Love has a soft, pleasing sound. In a mere four words, Solomon tells us love covers all sins, not just some of them, but all of them. Jesus forgave those who nailed him to the cross. He died for them, for us, for me. His love covered all sins. Big ones. Small ones. All is forgiven.


Can I do less? Can I forgive minor infractions against me? Do I hold on to unwarranted anger and bitterness? What about deeper sins against me? What if someone takes everything I own? What if someone takes the life of someone I love? Can I forgive them? Through Jesus, I am able to forgive all.


Because love covereth all sins.




Pam is thrilled to announce the release of her second novel,

Claiming Mariah



To celebrate, Pam is giving away two eReaders

(choice of Kindle Wi-Fi, 6″ Display, or Nook Simple Touch)

Two Winners: One on facebook. One through Pam’s Newsletter.

Facebook Drawing: Kindle/Nook Giveaway

Newsletter: Pam’s Newsletter.


Registering both places is not required but will double your chances of winning. Also keep in mind that you will receive updates more often being connected on facebook than through the newsletter. Just sayin’

Contest runs from January 1st until March 31st, 2013.


And….that’s not all! There will be prizes offered randomly throughout the tour.

This week’s giveaway:

Mississippi Made

Handcrafted Mango Butter and Goat’s Milk Soap

Giveaway sponsored by Magnolias & Sassafras



Click for a Complete List of Stops Along the Tour


Pam Hillman was born and raised on a dairy farm in Mississippi and spent her teenage years perched on the seat of a tractor raking hay. In those days, her daddy couldn’t afford two cab tractors with air conditioning and a radio, so Pam drove the Allis Chalmers 110. Even when her daddy asked her if she wanted to bale hay, she told him she didn’t mind raking. Raking hay doesn’t take much thought so Pam spent her time working on her tan and making up stories in her head. Now, that’s the kind of life every girl should dream of! Claiming Mariah is her second novel.


If what we say flows from the heart (Matthew 15:18), then, I propose, what’s in the heart flows from our minds–what we focus on, think about, believe to be true. Perhaps that is why God commands us to take our thoughts captive–to actively choose what we think about (2 Corinthians 10:5). Not an easy task, but possible, with God’s help.

946930_praying_for_you-1One afternoon, after a few days of feeling generally unwell, a Scripture in Proverbs captured my attention:

Proverbs 10:14 “Wise people treasure knowledge, but the babbling of a fool invites disaster.”

In a way that can only come from the God of creation speaking through His written Word, this verse struck me. Knowledge. Wisdom. Right thinking.

My thinking had been anything but “right.” In fact, I’d become quite preoccupied with myself–how I felt, how I wished I felt, prayers asking for better health.

Sadly, my preoccupation with self began to overshadow my life’s purpose–knowing God and making Him known. As I prayed over this verse, a verse that penetrated deep into my heart, God showed me not only the errors of my what-ifs and what-nots, but also how to center myself, once again, in His good, pleasing, and perfect will.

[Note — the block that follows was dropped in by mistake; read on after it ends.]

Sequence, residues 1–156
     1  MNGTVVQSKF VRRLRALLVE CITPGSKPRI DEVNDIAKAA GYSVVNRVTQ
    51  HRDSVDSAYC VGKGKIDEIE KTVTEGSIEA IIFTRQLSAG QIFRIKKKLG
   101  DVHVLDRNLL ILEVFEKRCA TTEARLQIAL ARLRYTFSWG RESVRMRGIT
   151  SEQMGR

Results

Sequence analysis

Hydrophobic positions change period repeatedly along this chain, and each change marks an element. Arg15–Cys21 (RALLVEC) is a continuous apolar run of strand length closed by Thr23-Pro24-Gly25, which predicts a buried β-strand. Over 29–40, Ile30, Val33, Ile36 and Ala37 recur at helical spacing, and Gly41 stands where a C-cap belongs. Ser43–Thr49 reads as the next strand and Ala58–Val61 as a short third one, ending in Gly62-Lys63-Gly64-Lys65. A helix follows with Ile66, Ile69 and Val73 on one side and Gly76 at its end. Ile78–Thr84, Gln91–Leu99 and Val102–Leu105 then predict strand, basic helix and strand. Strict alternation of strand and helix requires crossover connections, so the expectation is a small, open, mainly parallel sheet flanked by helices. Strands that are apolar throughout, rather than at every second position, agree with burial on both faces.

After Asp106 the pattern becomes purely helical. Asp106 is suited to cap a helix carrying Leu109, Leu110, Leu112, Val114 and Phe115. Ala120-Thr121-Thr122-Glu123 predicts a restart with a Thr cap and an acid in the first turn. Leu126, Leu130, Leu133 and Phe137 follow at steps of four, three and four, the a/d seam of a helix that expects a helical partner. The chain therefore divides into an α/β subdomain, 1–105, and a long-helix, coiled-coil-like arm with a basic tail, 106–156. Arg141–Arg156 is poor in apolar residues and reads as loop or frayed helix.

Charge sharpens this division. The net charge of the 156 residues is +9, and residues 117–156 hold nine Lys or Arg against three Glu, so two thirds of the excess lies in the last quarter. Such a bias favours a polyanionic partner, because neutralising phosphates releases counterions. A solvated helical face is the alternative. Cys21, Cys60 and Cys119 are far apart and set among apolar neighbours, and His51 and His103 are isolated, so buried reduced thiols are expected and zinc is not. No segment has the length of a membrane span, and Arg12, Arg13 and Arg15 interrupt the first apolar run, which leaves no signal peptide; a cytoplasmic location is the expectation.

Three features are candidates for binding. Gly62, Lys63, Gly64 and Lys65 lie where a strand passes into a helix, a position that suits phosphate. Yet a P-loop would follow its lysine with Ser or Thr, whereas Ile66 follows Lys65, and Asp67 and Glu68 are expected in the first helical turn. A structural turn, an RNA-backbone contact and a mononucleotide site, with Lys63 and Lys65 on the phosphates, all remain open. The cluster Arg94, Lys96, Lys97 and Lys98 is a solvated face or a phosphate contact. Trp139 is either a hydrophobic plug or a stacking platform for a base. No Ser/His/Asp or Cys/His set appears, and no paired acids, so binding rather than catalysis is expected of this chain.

Finally, brothers and sisters, whatever is true, whatever is noble, whatever is right, whatever is pure, whatever is lovely, whatever is admirable—if anything is excellent or praiseworthy—think about such things. Whatever you have learned or received or heard from me, or seen in me—put it into practice. And the God of peace will be with you (Philippians 4:8-9, emphasis mine).

Think on these things, put them into practice, or in other words, live them, and then God’s peace will come.

Friends, there is only One who is good, honorable, true, and worthy of praise, and that is God alone.

Right thinking comes when we avert our thoughts off ourselves–what we want or don’t want–and focus instead on God, His nature, and His will.

This is what I long to do–choose to do–in 2013, and I invite you to join me.

I’ll be going through Proverbs, the book of wisdom, focusing on one verse I plan to put into practice each day. I’ll also post, with the help of other writers, devotionals expanding on certain verses or passages further. Because like James 1:25 reminds us, But the man who looks intently into the perfect law that gives freedom, and continues to do this, not forgetting what he has heard, but doing it–he will be blessed in what he does.

The more we look at, soak up, and meditate on God’s perfect Word, the more He will bless us with right thinking, joy, contentment, and peace.

Let’s talk about this.

Join me at Living by Grace as we talk about living intentionally for our risen Savior.

I’ve shared my plans for 2013. Now it’s your turn. What are some changes you’d like to make in the coming year? What are your spiritual goals? What steps do you plan to take to reach those goals? Have you enlisted the help of an accountability partner?

Join myself and some of my writer friends in January as we take a leisurely yet intentional stroll through Proverbs!

If I wanted knowledge and wisdom–right thinking–I needed to think on those things that were lovely, right, pure admirable and worthy of praise.